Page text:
The aspiration vote
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UP lags the country on key socio-economic indicators. Only good politics can bridge that
Almost on the eve of elections to the Uttar Pradesh assembly, Chief Minister Mayawati sacked more than 20 ministers. She also piloted a resolution in the assembly to have the state carved into four for more efficient administration. Put together with her pitch about her government's development record, the moves captured an understanding that the BSP's fortunes in these elections would centre on an appraisal of her incumbency. In 2007, Mayawati's success in taking a clear majority was a political gamechanger. It demonstrated the outdatedness of political parties' ploy of retaining relevance in the state by reaching out to constituencies in a polarised electoral space, and asserting their weight in a hung assembly. Now, as parties seek to pitch big tents with promises of development — a combination of entitlement programmes and infrastructural agendas — could there be a deepening of UP's politics of aspiration?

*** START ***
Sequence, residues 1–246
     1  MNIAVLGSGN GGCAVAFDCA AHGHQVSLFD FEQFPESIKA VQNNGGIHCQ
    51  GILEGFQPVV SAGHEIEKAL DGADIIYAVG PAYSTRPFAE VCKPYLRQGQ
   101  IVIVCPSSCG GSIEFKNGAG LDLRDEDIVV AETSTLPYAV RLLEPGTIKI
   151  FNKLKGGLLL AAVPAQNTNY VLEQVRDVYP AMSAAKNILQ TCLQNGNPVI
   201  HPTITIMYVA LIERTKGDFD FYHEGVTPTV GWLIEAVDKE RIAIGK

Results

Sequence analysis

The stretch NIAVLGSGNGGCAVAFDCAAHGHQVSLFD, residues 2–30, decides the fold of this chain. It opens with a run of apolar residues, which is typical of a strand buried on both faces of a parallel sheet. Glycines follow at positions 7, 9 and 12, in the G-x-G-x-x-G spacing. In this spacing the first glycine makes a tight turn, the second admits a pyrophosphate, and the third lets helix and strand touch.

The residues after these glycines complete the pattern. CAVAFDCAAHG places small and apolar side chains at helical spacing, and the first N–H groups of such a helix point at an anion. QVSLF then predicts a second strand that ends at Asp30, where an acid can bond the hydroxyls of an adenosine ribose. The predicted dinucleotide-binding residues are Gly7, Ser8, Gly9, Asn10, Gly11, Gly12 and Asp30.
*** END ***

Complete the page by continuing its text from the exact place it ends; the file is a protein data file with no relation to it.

The voters are clearly seeking it. And the political contenders in the fray have covered a fair distance since 2007 in responding to these aspirations. The SP, for example, lit up its manifesto five years ago with outrage over computerisation and English-language dominance. Now, the SP has hushed its old linguistic anxieties, its chief, Mulayam Singh Yadav, is seeking to reclaim the law-and-order plank on which Mayawati constructed an anti-SP vote in 2007, and its manifesto brims with promises of free laptops and tablets for students. While highlighting its Centrally-moved welfare schemes, the Congress says it will subsidise access to healthcare and legal assistance, besides bringing Muslims under the Mandal framework for reservations. The BJP is keeping low-key its Hindutva outreach and speaking of free electricity and crop insurance to farmers, and subsidised foodgrain for BPL families. And all parties dwell on an infrastructure vision, with electricity generation as a pivot.
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